When partnerships should pursue partnerships (hint: rarely)

I wrote about the challenges of partnerships last year and I’m going to have another go at it today. Over allocating resources to partnership deals is one of the easiest and common mistakes that startups make.

This is from the A Founder’s Notebook:

Startups should say no to 99% of partnership opportunities. Most partnerships never go anywhere and don’t make sense for the startup to invest significant effort into the relationship due to being time and money constrained. Partnership opportunities do make sense when there is significant skin in the game on behalf of the partner (e.g. large up-front fees) or a super minimal way to work together (e.g. less than 20 hours of work to get something out the door that is useful).

You might be thinking, ok, that makes sense, but BigCo A wants to partner with me and it could be big. They won’t have any significant skin in the game, but their people are dedicating a lot of time to our discussions, so I’m sure it will be ok.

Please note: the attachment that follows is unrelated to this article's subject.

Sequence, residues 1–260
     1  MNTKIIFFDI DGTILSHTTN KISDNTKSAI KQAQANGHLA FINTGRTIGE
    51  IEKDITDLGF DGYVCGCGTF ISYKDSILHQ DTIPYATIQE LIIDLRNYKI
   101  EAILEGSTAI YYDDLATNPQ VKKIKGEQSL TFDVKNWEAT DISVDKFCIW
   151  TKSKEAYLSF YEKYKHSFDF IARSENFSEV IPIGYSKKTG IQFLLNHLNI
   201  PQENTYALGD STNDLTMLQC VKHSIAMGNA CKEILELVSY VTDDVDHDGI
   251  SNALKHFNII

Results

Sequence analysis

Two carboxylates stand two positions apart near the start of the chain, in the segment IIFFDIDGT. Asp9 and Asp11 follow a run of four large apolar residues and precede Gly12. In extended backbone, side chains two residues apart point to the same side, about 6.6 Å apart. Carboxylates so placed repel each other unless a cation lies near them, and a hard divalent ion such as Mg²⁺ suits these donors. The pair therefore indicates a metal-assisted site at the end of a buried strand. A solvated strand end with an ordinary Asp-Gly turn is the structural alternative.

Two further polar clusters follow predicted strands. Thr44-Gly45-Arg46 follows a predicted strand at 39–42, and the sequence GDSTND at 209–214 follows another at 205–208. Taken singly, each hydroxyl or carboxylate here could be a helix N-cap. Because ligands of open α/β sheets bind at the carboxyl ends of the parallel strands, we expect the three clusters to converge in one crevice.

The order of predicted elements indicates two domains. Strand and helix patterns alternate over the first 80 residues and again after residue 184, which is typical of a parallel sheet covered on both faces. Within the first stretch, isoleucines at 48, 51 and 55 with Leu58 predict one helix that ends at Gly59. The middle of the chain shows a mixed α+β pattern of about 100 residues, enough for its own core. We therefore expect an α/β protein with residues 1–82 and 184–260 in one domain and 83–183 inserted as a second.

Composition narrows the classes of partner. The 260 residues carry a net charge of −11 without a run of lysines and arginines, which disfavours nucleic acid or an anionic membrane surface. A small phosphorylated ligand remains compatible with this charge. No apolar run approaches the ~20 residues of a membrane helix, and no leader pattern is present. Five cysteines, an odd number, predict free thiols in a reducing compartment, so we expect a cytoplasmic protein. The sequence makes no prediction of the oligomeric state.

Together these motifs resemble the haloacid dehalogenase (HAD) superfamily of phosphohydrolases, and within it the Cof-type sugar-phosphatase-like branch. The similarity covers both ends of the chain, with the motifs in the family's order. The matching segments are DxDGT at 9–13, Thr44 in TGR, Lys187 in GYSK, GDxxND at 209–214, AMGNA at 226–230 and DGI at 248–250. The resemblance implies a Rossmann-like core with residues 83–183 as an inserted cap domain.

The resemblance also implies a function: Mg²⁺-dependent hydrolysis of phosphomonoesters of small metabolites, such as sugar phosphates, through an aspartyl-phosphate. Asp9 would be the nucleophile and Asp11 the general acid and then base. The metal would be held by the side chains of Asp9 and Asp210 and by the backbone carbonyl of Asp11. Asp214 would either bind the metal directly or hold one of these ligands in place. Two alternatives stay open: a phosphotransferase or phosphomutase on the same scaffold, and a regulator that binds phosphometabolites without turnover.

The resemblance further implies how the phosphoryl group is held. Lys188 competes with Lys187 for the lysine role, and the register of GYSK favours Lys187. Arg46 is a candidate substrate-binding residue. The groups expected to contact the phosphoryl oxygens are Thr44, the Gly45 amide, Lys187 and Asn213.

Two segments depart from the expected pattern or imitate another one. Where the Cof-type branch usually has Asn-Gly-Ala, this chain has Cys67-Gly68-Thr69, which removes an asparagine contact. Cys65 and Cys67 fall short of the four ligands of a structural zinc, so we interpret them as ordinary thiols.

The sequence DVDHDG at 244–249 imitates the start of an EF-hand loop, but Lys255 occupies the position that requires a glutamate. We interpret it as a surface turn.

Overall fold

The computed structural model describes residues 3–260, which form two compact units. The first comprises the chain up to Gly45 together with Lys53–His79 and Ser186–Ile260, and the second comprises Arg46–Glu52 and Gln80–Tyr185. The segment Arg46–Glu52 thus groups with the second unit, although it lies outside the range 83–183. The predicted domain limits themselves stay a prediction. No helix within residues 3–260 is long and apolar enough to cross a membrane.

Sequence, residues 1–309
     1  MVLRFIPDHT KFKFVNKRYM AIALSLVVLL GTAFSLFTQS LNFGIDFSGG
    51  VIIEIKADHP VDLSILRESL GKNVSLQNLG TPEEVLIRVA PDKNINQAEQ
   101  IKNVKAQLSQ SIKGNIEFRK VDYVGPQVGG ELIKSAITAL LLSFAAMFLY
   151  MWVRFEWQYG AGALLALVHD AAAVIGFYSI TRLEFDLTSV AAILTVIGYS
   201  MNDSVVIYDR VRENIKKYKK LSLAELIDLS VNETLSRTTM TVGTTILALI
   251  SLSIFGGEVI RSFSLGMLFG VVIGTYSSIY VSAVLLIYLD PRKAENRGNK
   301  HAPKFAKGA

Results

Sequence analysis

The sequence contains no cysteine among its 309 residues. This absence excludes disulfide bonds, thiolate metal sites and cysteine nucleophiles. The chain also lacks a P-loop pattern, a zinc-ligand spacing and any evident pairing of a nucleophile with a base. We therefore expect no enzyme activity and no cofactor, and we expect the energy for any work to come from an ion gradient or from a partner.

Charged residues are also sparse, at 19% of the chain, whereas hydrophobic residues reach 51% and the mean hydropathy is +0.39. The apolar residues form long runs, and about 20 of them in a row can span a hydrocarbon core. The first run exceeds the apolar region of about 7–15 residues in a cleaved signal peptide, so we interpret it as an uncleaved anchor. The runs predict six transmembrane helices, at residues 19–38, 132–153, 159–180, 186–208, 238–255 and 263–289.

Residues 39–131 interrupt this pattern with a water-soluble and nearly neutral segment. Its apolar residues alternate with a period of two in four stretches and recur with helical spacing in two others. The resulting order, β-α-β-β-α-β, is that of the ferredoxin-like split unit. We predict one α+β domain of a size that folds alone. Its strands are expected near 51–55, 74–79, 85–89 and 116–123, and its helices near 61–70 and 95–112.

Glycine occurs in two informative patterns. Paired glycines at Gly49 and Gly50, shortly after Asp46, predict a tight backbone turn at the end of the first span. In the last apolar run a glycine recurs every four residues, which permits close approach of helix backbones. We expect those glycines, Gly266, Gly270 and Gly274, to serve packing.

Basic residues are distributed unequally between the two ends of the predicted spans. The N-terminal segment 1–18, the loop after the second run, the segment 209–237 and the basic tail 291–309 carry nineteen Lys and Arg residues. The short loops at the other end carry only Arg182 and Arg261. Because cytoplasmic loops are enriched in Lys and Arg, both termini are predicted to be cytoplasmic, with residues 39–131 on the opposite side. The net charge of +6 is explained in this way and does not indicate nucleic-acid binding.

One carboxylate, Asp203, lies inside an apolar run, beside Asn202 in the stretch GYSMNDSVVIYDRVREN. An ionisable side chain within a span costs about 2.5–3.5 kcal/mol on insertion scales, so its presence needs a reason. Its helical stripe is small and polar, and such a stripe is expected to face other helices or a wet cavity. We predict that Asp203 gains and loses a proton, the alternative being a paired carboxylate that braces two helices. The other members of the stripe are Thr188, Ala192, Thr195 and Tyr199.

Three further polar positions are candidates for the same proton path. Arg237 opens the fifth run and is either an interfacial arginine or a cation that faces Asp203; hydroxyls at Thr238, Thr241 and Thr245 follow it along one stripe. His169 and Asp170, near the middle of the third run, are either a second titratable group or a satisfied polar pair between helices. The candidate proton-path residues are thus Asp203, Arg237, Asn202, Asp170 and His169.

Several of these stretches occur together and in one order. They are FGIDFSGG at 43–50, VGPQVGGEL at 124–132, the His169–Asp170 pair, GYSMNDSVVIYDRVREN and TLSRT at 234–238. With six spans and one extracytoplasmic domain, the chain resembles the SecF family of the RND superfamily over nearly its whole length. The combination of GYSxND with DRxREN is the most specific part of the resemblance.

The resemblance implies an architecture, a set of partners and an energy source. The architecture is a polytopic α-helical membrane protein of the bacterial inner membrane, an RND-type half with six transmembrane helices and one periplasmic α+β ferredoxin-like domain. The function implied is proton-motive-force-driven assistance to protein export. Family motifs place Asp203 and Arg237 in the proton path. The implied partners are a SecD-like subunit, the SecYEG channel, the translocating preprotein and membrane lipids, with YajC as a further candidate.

I’m afraid that it probably won’t. The important point to note here is that big companies are resource rich and spend a lot of time looking for new opportunities around the edges of their business. That’s in stark contrast to startups which are resource poor and hopefully laser focused on the core of their operations. This asymmetry leads many small company leaders to over-estimate the significance of senior large company execs spending time with them.

Big company partnerships are a bit like big game hunting. They promise massive returns on little work and the thrill of the chase is fun too. But relying on closing a big partnership is like making a big kill – it may take years and years or may not come at all. Moreover, it’s hard to remember that the hunter or company you know who landed their prey was probably just lucky.